The fact that you guys don't answer the nation critics really displays the weakness of your position. Ignatieff will loose because he wants to balkanize Canada. Canada is multicultural... you can't start defining nations left and right, it will only lend credibility to separtists that a nation should be a separate country. If you can't see that, I'm obviously wasting my time with this comment.

11/02/2006 3:08 PM  
Blogger Wah Fist a dit...

Thank you Gavin. I agree.

11/02/2006 11:21 PM  
Anonymous Anonymous a dit...

An interesting perspective on the debate today from www.uni.ca (Not my writing):


Perspective on the "Quebec as a nation" debate

We wanted to write something about Arctic Sovereignty. What an interesting new concept. How timely. How romantic. Far away, alien landscapes, warming away under the weight of the world's greatest environmental threat, opening new waterways that could dwarf the traffic of the Panama Canal; "military" icebreakers chasing nuclear submarines. And there we are, Canada, Defender of the North, staring down the Danes, admonishing American ambassadors, looking across to the Russians and the Chinese in a very close circle colder than a cold war. Top of the world Ma! Top of the World!

But no, you just couldn't leave it alone for a week. One week so we could write something sexy for a change. Now this vote grabber from the Quebec Liberals and we have to focus yet again on troubleshooting the offending script in our national program "Quebec <"equals"> <"does not equal"> Nation".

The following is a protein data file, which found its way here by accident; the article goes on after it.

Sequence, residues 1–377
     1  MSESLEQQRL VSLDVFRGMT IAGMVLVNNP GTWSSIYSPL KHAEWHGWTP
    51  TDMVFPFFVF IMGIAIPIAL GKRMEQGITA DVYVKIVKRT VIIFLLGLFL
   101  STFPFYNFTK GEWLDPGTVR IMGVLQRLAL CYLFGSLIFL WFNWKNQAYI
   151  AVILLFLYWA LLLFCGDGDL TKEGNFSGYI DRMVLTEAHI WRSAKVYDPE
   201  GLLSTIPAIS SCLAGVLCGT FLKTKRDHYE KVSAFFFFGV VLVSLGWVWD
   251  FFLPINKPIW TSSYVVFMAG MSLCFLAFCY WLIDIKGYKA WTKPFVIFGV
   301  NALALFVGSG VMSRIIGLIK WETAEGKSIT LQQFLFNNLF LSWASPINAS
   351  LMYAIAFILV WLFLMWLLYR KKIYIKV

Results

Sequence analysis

It is not that complicated. That is unless you have a hidden agenda trying to use sociological concepts to lead others into a legal trap. Quebec is what it is. Always was, always will be. Oversimplification? No, it's a form of Open federalism, also called "Cosmonationalism" which we coined here at Uni.ca many years ago but which has always been a truth as true as logic in a debate overwrought with emotion.

Cosmonationalism accepts that multiple identity layers within one person or group can exist without negating or detracting from each other. It means that identities can coexist in mutual support. It means that I can be from my family, my neighbourhood, my city, my province, my country, my continent, my species, my planet and beyond. I don't have to choose one over the other, and my family, neighbourhood, planet, do not have to be "better" then anyone else's to have "value".

Of course Quebec is a unique geographic and sociological area. The people that live there constitute an identifiable group. That is one reason they already have a strong, well-identified political unit of their own, called the "Province of Quebec".

Quebecois today are not an oppressed people by any measure but the most absurd. How insulting it must feel to the truly-oppressed in Darfur and Iraq and elsewhere, who hear the language of the oppressed so over used and abused in Canada. Quebec has genuine avenues of expression and affect for all manners of cultural and political rights and social desires. They have not only the respect and recognition of their neighbours, but even love and envy. Quebec is what it is, so when someone asks you to place a label, if it is just labeling reality, what is it for?